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  1. Avaliação Do Governo E "Voto Econômico".Yan Souza Carreirãdeo - forthcoming - Kriterion: Journal of Philosophy (48).
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  2. Triangulation: A Retroduction Approach in the Reorientation of Social Science Research for Central Bank Policy in Sierra Leone.Emerson Abraham Jackson - forthcoming - African Journal of Economic and Management Studies 9 (2).
    The article addresses critical discourses pertaining to triangulation methodology as a step forward in dealing with policy formulation, particularly at the Bank of Sierra Leone. Alternative prescriptive measure like critical discourse analysis have been proposed as a means to the cutting head development in bridging the gap between orthodox and heterodox views of economic sciences investigations.
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  3. Concerning Publicized Goods (or, the Promiscuity of the Public Goods Argument).Vaughn Bryan Baltzly - 2021 - Economics and Philosophy 37 (3):376-394.
    Proponents of the public goods argument ('PGA') seek to ground the authority of the state on its putative indispensability as a means of providing public goods. But many of the things we take to be public goods – including many of the goods commonly invoked in support of the PGA – are actually what we might term publicized goods. A publicized good is any whose ‘public’ character results only from a policy decision to make some good freely and universally available. (...)
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  4. Democratic Public Justification.Alexander Motchoulski - 2020 - Canadian Journal of Philosophy 50 (7):844-861.
    Democratic institutions are appealing means of making publicly justified social choices. By allowing participation by all citizens, democracy can accommodate diversity among citizens, and by considering the perspectives of all, via ballots or debate, democratic results can approximate what the balance of reasons favors. I consider whether, and under what conditions, democratic institutions might reliably make publicly justified social decisions. I argue that conventional accounts of democracy, constituted by voting or deliberation, are unlikely to be effective public justification mechanisms. I (...)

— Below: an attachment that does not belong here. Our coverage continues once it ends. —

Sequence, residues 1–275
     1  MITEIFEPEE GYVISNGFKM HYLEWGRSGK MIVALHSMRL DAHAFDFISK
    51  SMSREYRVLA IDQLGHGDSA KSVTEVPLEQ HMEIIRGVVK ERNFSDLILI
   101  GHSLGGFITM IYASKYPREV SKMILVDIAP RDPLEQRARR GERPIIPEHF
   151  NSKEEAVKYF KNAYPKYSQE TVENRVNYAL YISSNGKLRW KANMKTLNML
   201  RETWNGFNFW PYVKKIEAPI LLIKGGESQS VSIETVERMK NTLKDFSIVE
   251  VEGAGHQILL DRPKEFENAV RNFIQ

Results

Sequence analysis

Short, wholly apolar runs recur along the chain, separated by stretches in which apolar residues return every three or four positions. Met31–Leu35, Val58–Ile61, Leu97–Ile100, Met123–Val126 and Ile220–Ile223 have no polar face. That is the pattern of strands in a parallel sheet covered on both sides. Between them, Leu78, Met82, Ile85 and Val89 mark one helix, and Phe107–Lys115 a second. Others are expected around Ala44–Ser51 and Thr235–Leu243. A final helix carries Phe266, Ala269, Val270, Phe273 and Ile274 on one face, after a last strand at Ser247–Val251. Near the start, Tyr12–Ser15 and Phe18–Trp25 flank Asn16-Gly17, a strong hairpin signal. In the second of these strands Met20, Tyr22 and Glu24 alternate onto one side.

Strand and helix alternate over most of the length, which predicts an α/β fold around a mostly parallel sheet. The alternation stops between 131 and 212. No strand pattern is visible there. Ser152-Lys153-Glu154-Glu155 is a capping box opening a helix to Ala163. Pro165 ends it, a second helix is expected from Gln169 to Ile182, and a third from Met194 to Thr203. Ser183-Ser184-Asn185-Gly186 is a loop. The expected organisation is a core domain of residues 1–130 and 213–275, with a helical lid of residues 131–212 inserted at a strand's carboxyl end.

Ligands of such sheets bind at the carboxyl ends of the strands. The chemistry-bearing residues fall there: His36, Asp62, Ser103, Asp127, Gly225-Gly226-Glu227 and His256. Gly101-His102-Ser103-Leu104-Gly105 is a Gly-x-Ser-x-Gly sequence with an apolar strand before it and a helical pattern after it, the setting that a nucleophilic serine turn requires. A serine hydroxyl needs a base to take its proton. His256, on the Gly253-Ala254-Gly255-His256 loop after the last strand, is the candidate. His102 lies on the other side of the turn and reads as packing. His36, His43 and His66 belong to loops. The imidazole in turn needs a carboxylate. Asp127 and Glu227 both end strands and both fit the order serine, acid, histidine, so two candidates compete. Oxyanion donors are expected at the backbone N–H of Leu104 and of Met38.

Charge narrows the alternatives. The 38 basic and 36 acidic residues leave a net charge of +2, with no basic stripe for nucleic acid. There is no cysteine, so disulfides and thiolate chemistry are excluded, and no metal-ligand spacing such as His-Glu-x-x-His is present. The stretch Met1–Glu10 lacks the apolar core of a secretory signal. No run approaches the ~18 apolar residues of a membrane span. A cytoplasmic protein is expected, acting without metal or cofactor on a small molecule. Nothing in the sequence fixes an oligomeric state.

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  5. Measurement Scales and Welfarist Social Choice.Michael Morreau & John A. Weymark - 2016 - Journal of Mathematical Psychology 75:127-136.
    The social welfare functional approach to social choice theory fails to distinguish a genuine change in individual well-beings from a merely representational change due to the use of different measurement scales. A generalization of the concept of a social welfare functional is introduced that explicitly takes account of the scales that are used to measure well-beings so as to distinguish between these two kinds of changes. This generalization of the standard theoretical framework results in a more satisfactory formulation of welfarism, (...)
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  6. Voice Without Say: Why Capital-Managed Firms Aren't (Genuinely) Participatory.Schwartz Justin - 2013 - Fordham Journal of Corporate and Financial Law 18:963-1020.
  7. Neoclassical Economics.Michael Moehler & Geoffrey Brennan - 2010 - In Mark Bevir (ed.), Encyclopedia of Political Theory. SAGE Publications.
    The term neoclassical economics delineates a distinct and relatively homogenous school of thought in economic theory that became prominent in the late nineteenth century and that now dominates mainstream economics. The term was originally introduced by Thorstein Veblen to describe developments in the discipline (of which Veblen did not entirely approve) associated with the work of such figures as William Jevons, Carl Menger, and Leon Walras. The ambition of these figures, the first neoclassicists, was to formalize and mathematize the subject (...)
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  8. Gary Becker on Free Banking.Ludwig van den Hauwe - 2010 - Journal of Libertarian Studies 22 (1):437-470.